On October 13 join Campaign for Women’s Reproductive Rights in celebrating the fourth anniversaryof the legalisation of abortion in Victoria. We’ll be gathering on the steps of Parliament House, Spring Street, Melbourne at 2.00pm. On October 13 declare your support for a women’s right to reproductive choice and demand:=

  • Free, safe abortion and contraception on demand for all women and an end to sterilization without meaningful consent
  • Free comprehensive healthcare, childcare and disability support services for all and quality, affordable housing for all those who need it
  • An equal, living wage for all and full employer-paid parental leave so that every woman can afford to fund her reproductive choices
  • An end to all institutional discrimination on the basis of gender, sexual preference, race, income or ethnic origin, particularly those that restrict reproductive choices
  • Free, comprehensive sex education for all and compulsory training for all health workers in all aspects of reproductive health


We are publishing the article by Judy Morland, which highlights the complete hypocrisy of the so-called ‘Pro-Lifers’ in the USA. We have left in her concluding statement, where she endorses New York City Mayor, Michael Bloomberg, one time Democrat, later Republican, then Republican-leaning Independent. Emancipation & Liberation gives no support to this big-business billionaire and imperial war supporting politician. However, this weak conclusion, to an otherwise hard-hitting article, just highlights the problem raised by Susan Dorazio above, about the political deadend many sincere pro-Choice campaigners have ended up in.

I am sick of politicians using the term “pro-life” when what they really mean is “anti-abortion” or ” anti-women”.

As Thomas Friedman wrote in the New York Times last Sunday:

We must stop letting Republicans name themselves “pro-life” and Democrats as “pro-choice.” It is a huge distortion.

So many politicians who proclaim themselves “pro-life” are really not in favor of life at all: they show no interest in the lives of children once they are born ; they aggressively promote the death penalty and are against common-sense gun control ; they even want to shut down the Environmental Protection Agency , which seeks to ensure clean air, clean water and healthy living conditions for all.

How can you call yourself “pro-life” and oppose Head Start, which provides basic education, health and nutrition for the most low-income children and their parents?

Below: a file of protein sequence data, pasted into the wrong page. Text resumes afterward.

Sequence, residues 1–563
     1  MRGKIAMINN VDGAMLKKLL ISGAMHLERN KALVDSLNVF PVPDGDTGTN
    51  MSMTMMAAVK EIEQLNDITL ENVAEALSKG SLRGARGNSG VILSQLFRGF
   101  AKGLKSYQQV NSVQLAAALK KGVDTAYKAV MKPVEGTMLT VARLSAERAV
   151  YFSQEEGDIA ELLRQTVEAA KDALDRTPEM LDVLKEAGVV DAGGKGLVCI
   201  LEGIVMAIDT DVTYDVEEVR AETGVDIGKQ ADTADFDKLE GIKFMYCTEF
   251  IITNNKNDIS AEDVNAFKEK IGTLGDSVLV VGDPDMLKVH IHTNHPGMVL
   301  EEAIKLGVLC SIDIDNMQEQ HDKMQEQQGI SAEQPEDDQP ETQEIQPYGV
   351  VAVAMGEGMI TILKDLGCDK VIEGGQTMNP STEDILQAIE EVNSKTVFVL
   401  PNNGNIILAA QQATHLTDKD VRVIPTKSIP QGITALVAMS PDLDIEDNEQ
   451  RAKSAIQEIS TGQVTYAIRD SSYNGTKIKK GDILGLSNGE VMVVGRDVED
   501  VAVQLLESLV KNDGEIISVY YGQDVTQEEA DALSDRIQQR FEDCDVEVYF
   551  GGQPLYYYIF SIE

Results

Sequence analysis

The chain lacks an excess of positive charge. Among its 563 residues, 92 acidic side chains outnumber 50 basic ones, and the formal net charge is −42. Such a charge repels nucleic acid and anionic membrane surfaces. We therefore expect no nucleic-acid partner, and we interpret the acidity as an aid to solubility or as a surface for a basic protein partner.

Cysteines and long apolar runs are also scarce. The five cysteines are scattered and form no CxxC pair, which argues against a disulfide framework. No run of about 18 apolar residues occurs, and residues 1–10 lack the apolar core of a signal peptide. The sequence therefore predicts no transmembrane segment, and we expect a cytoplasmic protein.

If anything these politicians are anti-life.

I have had these thoughts for a long time, but thank you, Thomas Friedman, for voicing them loud and clear in last Sunday’s New York Times.

Here’s what Friedman had to say:-

The term “pro-life” should be a shorthand for respect for the sanctity of life. But I will not let that label apply to people for whom sanctity for life begins at conception and ends at birth. What about the rest of life? Respect for the sanctity of life, if you believe that it begins at conception, cannot end at birth. That radical narrowing of our concern for the sanctity of life is leading to terrible distortions in our society.

Care2 reported last week on Richard Mourdock, the Tea Party-backed Republican Senate candidate in Indiana, who declared during a debate that he was against abortion even in the event of rape because he “came to realize that life is that gift from God. And even when life begins in that horrible situation of rape, that it is something that God intended to happen.”

Just a few days earlier, Republican representative, Joe Walsh of Illinois, said that he opposed abortion even in cases where the life of the mother is in danger, because “with modern technology and science, you can’t find one instance” where is had been necessary to perform an abortion to save a woman’s life.

And then there’s Todd Atkin with his declaration that pregnancy as a result of “legitimate rape” (whatever that is) is rare because we women have the power to “shut the whole thing down.”

These men are not religious. They are sanctimonious idiots at best and patronizing liars at worst.

Did these men emerge from the Taliban? What are they doing in 21st century America?

I first came across this game with semantics back in the 1990′s, when Randall Terry’s anti-abortion organization Operation Rescue hit Los Angeles. How could these people call themselves “pro-life” when they were so anti-life, so angry and so full of venom?

I learned then how important it was to use the correct terms when dealing with the media; rather than “pro-life,” we learned to say “anti-choice” or “anti-abortion.”

I can do no better than Thomas Friedman in describing what characterizes real pro-life people, as opposed to the Richard Mourdocks and Joe Walshes of the far-right Republican party, who disguise their hateful desire to control women with a supposedly “Christian” desire to preserve fertilized eggs.

Again, from Friedman in the New York Times:-

That’s why, for me, the most “pro-life” politician in America is New York City Mayor Michael Bloomberg. While he supports a woman’s right to choose, he has also used his position to promote a whole set of policies that enhance everyone’s quality of life — from his ban on smoking in bars and city parks to reduce cancer, to his ban on the sale in New York City of giant sugary drinks to combat obesity and diabetes, to his requirement for posting calorie counts on menus in chain restaurants, to his push to reinstate the expired federal ban on assault weapons and other forms of common-sense gun control, to his support for early childhood education, to his support for mitigating disruptive climate change.

Now that is what I call “pro-life.”

Thank you, Mr. Friedman


For an earlier article on Abortion Rights see Venezueala – The Dangers of a Revolution Against a Woman’s Right to Abortion:- Venezuela – The Dangers Of A Revolution Against A Woman’s Right To Abortion